AS MUCH as Maryland needs more rain to cool temperatures and clean the air, hundreds of people are praying it won't be wet for the PGA Senior Classic this Fourth of July weekend at Hobbit's Glen Golf Club. The Baltimore-Washington area hasn't played host to a major pro golf tournament in more than 10 years. Planners don't want to see anything dampen this affair.
Everyone in the Baltimore region can take pride that Columbia was chosen for a PGA event. The tournament will be the culmination of a four-year effort that began with partners John Matthews and Lee Corrigan approaching the PGA. Hobbit's Glen had to compete against proposals from Dallas, Cleveland, Seattle and Portland.
The Hobbit's Glen tournament may help push Howard County's effort to participate in the First Tee program sponsored by the Professional Golf Association and World Golf Foundation. First Tee tries to increase children's interest in golf by providing affordable and accessible courses where they can learn the sport. The popularity of young golf star Tiger Woods has helped promote First Tee.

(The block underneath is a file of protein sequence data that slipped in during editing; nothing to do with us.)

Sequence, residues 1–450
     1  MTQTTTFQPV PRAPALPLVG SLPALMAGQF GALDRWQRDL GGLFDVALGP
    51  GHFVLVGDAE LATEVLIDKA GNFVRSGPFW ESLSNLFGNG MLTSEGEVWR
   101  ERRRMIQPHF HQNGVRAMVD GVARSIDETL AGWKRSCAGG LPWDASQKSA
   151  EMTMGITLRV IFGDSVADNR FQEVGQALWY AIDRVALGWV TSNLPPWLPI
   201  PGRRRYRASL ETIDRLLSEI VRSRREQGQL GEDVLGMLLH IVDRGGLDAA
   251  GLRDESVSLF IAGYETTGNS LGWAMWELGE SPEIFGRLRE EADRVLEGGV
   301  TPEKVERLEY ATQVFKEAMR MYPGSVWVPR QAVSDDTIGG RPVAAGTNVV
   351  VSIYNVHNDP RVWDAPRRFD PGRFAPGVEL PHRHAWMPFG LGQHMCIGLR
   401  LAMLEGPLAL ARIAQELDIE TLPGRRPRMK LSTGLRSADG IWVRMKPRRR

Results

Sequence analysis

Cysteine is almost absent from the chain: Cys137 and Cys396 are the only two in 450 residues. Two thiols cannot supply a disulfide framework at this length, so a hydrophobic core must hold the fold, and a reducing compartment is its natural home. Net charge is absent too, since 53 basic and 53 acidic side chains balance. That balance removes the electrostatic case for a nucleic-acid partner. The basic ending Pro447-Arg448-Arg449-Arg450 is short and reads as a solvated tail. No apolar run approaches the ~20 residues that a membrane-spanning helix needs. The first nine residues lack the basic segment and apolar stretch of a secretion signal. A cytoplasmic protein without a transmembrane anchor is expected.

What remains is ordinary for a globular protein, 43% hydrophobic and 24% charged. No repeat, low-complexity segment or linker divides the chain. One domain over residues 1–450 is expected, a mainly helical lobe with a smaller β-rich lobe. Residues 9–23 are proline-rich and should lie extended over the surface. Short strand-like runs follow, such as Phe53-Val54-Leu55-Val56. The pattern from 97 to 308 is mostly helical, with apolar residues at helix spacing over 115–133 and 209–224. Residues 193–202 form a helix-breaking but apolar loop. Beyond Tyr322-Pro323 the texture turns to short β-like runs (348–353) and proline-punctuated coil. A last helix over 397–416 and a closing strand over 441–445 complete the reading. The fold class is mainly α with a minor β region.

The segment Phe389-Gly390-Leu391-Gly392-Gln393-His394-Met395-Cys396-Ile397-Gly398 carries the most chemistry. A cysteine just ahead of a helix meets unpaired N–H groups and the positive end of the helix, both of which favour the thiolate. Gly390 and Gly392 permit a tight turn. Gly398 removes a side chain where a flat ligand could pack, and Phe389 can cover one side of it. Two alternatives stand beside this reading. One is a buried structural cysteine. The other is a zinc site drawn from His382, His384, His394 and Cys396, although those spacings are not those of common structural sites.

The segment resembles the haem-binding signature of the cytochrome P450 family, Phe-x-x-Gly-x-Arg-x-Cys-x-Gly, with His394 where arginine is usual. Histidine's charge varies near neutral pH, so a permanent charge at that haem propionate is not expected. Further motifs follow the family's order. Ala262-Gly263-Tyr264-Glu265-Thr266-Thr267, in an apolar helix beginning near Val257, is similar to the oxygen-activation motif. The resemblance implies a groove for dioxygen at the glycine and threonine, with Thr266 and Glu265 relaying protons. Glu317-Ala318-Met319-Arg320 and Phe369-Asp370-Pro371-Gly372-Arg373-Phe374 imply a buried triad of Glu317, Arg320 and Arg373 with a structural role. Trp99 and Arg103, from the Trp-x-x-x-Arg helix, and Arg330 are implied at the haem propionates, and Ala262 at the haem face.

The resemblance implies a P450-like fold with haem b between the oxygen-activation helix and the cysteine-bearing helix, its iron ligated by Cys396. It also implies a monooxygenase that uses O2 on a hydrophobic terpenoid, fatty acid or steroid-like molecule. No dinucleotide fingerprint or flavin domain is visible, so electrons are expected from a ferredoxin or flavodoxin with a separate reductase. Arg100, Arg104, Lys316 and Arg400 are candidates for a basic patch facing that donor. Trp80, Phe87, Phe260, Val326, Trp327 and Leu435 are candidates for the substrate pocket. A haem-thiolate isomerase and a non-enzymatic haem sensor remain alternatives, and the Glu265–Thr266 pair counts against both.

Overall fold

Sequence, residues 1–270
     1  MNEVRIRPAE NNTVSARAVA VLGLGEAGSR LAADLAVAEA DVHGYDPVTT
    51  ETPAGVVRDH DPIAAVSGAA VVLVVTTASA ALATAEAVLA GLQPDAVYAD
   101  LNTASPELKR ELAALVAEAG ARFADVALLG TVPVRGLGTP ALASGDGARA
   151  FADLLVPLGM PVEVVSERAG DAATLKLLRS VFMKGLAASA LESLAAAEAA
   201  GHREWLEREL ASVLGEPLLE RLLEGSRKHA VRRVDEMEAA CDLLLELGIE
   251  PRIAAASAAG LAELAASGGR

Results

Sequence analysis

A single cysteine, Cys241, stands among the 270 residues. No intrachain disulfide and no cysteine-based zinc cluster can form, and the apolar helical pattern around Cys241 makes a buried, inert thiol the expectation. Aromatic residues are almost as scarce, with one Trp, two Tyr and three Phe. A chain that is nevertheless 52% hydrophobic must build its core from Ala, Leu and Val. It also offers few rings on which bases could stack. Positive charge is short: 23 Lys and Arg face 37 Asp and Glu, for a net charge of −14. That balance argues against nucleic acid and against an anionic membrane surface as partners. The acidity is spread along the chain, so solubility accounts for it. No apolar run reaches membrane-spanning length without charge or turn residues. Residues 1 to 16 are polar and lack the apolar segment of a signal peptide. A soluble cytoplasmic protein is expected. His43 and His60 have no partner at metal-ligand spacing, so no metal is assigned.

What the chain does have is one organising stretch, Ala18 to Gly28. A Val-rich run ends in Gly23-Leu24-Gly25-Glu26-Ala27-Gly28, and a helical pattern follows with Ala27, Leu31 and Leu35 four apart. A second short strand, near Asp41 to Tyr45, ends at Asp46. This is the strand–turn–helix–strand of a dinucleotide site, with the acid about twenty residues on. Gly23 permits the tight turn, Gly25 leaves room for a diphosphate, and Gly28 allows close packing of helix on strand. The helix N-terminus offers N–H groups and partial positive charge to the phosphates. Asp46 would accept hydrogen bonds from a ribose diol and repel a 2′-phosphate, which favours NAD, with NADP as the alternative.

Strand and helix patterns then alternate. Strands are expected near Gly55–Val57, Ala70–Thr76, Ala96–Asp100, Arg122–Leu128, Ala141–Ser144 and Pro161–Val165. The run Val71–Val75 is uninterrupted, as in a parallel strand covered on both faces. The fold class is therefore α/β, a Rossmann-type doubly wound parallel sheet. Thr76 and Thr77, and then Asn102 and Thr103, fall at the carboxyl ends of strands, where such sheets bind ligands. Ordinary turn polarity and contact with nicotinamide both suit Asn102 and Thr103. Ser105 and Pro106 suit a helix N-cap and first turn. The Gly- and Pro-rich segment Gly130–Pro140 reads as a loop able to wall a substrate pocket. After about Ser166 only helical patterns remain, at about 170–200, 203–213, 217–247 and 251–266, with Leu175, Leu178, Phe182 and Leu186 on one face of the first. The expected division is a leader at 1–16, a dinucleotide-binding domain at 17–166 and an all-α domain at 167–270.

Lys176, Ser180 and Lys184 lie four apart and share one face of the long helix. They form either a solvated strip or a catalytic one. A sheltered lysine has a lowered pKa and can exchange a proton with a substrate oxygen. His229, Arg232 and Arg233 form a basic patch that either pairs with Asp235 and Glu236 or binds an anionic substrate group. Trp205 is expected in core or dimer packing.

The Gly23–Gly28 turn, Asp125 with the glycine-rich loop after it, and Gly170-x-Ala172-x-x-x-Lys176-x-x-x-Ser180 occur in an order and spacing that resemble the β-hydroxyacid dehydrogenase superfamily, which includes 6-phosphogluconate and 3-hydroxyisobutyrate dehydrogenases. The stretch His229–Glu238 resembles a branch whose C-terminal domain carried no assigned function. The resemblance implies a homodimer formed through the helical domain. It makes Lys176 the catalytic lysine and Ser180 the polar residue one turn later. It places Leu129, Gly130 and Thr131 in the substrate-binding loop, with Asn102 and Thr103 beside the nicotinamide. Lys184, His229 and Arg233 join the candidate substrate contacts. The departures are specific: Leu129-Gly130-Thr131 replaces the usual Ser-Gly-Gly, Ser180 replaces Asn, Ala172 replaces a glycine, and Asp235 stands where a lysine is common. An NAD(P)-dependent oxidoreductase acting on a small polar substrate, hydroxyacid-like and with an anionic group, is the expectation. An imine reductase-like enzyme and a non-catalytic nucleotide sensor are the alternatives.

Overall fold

Most of the big names on the Senior Tour are expected at Hobbit's Glen, including Arnold Palmer, Hale Irwin, Chi Chi Rodriguez and Lee Trevino, whose 28 wins are tops among the older golfers.
Until now, Baltimore was the largest metropolitan area without a PGA tournament. For the past two years, an unofficial pro-amateur event was held at Cattail Creek Country Club in western Howard County. But Hobbit's Glen -- with more room for spectators, hospitality tents and TV crews -- was judged more fitting for the State Farm Senior Classic. It will be broadcast by ESPN.
More than 100,000 golf fans are expected to attend the tournament in Columbia. Four months of work have gone into preparing Hobbit's Glen for their arrival. Cable has been laid, fences strung, tents erected, portable generators positioned. The golfers are arriving. Here's hoping that the weather cooperates.
Pub Date: 6/30/98